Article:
Identify Core Company Cultural Values

It’s vital to recognise and form the values that are integral to your company culture. These shouldn’t be defined by “after work” interests like sport or craft brewing, but instead those things which bring meaning and determination to the work your organisation does. Prioritise your company values with an eye toward what your organisation does—things like work-life balance, employee success, and satisfaction, contributing to society, building a sense of community, and making a meaningful difference.

This will enable you to develop a hiring strategy that doesn’t rely on instinct or “gut feeling” about potential candidates. Defining core company values allows you to look for and match with candidates with similar values. It highlights the things your HR department or hiring team can look to see represented in a candidate’s CV, demeanour, or interview responses.

Important Remote Cultural Values

Openness and honesty—some cultures find it rude or otherwise unacceptable to deliver a clear and unequivocal “no” answer, and it’s essential to keep such barriers to openness in mind when vetting new candidates.

Dissimilar values on intangibles such as a sense of urgency or not prioritising the same things as the rest of an established team can hinder an organisation’s ability to be productive and successfully complete project deadlines.

Self-directed work is essential in a remote workforce, especially on members of teams responsible to one another for dependent tasks. Some cultures find this sort of macromanaged or “undirected” work, virtually identical to insubordination. Successful candidates will be those who are not only capable of working independently and taking initiative but see it as a positive attribute or benefit.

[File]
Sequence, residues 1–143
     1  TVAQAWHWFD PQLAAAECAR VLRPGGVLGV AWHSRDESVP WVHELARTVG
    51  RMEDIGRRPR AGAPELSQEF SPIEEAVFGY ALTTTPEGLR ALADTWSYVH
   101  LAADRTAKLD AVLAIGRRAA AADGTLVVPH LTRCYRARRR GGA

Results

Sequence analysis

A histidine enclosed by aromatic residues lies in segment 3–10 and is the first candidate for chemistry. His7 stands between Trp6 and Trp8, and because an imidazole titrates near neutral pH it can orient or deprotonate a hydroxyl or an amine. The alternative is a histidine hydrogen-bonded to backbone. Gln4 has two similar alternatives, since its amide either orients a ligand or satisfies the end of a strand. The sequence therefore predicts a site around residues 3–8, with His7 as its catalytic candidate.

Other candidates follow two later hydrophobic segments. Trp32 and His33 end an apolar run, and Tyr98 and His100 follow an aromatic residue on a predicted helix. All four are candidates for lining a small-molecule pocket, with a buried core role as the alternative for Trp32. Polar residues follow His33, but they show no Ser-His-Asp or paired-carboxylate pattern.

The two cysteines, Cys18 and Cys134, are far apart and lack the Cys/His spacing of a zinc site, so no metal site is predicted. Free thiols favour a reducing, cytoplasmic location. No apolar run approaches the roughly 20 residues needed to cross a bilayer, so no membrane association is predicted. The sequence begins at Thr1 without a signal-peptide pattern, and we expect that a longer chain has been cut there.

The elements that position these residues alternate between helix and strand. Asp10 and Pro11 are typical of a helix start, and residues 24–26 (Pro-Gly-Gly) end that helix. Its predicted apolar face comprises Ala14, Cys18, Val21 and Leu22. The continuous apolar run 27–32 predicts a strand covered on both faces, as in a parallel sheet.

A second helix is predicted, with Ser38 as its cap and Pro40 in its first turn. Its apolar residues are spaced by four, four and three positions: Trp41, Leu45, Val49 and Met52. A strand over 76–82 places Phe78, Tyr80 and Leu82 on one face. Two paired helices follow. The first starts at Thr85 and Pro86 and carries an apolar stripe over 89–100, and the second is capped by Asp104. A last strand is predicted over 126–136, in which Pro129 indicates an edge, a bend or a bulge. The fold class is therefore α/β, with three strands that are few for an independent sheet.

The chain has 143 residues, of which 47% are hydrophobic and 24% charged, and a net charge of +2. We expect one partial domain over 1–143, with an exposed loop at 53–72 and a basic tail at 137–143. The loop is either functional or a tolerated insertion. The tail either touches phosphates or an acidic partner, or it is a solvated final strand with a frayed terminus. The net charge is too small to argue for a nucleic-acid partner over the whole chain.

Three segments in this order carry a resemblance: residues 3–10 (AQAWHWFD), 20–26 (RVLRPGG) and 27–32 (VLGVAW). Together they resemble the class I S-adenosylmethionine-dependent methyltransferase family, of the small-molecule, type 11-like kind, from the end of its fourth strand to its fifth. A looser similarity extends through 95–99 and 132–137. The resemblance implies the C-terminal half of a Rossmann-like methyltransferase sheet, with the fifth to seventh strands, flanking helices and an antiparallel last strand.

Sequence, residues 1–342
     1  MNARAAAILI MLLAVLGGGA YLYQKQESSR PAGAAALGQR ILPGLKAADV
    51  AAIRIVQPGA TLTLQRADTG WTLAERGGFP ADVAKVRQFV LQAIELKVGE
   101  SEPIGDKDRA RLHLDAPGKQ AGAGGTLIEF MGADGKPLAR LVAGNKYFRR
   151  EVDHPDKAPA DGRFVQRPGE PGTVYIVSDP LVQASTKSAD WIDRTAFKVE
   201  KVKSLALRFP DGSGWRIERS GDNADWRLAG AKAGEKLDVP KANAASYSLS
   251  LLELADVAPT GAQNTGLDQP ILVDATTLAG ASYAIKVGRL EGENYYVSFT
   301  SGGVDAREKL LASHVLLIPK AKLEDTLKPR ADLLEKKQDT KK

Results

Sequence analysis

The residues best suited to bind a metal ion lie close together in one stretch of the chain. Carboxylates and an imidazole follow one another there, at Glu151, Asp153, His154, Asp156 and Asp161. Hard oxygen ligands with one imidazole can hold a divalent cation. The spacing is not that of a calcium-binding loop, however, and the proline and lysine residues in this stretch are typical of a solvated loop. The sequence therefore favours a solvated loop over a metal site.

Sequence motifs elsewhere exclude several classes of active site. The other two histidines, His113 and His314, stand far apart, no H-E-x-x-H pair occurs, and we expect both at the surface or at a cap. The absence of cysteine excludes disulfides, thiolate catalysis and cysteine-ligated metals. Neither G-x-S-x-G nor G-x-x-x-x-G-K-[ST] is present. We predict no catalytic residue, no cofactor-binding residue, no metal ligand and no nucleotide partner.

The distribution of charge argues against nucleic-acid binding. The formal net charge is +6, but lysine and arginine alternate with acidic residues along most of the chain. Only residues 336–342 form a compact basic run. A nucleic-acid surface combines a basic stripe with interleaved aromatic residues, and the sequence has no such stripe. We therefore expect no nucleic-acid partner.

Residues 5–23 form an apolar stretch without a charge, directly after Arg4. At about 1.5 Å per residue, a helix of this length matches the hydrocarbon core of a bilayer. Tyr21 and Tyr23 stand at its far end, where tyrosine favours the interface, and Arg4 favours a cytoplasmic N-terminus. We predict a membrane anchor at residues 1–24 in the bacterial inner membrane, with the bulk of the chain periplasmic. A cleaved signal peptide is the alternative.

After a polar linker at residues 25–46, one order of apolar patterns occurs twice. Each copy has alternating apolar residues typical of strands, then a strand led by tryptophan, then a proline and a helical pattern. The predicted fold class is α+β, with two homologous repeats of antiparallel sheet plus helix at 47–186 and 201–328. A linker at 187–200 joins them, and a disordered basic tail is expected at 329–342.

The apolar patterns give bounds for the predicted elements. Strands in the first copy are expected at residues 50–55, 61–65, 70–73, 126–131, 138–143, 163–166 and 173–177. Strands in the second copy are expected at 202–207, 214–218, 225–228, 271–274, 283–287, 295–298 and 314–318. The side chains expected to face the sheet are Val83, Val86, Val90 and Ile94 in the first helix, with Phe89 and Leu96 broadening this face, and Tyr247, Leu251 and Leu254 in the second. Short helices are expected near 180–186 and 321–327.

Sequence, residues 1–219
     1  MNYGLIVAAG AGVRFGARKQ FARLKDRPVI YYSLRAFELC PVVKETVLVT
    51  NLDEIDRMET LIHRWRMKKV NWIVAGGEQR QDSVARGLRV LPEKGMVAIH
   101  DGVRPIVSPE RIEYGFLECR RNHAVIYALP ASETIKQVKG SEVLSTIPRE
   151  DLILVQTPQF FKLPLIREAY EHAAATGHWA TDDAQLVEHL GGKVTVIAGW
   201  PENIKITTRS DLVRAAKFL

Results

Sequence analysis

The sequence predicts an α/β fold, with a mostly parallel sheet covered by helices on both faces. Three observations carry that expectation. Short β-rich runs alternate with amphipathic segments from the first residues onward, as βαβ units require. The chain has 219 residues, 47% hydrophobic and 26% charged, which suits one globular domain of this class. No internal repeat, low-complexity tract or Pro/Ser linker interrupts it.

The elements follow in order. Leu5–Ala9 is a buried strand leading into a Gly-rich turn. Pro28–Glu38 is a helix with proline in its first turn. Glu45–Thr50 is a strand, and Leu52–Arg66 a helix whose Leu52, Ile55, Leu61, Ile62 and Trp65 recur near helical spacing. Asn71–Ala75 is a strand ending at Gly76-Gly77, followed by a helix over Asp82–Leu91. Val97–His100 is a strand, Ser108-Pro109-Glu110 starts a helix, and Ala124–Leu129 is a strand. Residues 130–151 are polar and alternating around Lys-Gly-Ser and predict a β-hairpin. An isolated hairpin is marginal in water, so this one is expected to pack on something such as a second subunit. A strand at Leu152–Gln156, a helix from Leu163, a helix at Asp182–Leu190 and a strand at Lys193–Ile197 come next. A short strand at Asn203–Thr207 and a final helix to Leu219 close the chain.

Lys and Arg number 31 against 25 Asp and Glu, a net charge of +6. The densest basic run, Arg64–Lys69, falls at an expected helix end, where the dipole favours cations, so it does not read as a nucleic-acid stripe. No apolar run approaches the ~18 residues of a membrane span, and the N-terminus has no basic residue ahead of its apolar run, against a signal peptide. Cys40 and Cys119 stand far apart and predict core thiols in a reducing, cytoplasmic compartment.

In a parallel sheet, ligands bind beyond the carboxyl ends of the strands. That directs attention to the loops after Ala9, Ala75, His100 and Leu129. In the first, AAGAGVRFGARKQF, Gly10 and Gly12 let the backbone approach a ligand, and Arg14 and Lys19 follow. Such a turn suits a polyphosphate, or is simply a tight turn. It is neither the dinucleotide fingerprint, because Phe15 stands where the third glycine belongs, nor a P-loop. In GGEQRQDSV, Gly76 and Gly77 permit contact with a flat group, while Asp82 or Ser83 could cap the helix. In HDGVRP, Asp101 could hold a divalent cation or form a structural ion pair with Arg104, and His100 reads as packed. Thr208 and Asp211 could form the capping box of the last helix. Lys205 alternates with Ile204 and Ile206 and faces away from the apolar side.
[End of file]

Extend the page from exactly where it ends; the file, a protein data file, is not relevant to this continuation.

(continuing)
Clarity and directness in communication are also chief among the required remote cultural values. This will help easily build trust, keep the team engaged, increase efficiency and productivity as well as the morale of the team.

Putting your employees’ health, safety and well-being at the forefront are especially important for a healthy remote working culture. It is important to have processes, policies and tools in place to promote and provide the necessary safety, well-being and support resources to employees.

In addition to these, your organisation might identify other core values that are important for your company culture. Identifying and clearly defining your remote cultural values is key to hiring and retaining top talent.

Culturally Aware Hiring

Many decisions and assessments must be made during the interview process and in hiring in general. In a remote-working world, the cultural fit must be not only a part of that process but fundamental to it. Filling a vacancy or hiring new staff that holds the same values regarding things like productivity, self-motivation, adaptability, and communication can be an asset to the company as a whole.

Forming teams that, regardless of their geographical location or culture of origin, can work together well remotely and in-person, and pull in the same direction at all times will not only ensure continued success but can serve to bolster and revitalise a company’s purpose over time. While there can be new challenges when forming new company cultural values that work for both locally based as well as remote working teams, they shouldn’t be seen as obstacles but rather opportunities for continued growth and success in our changing circumstances.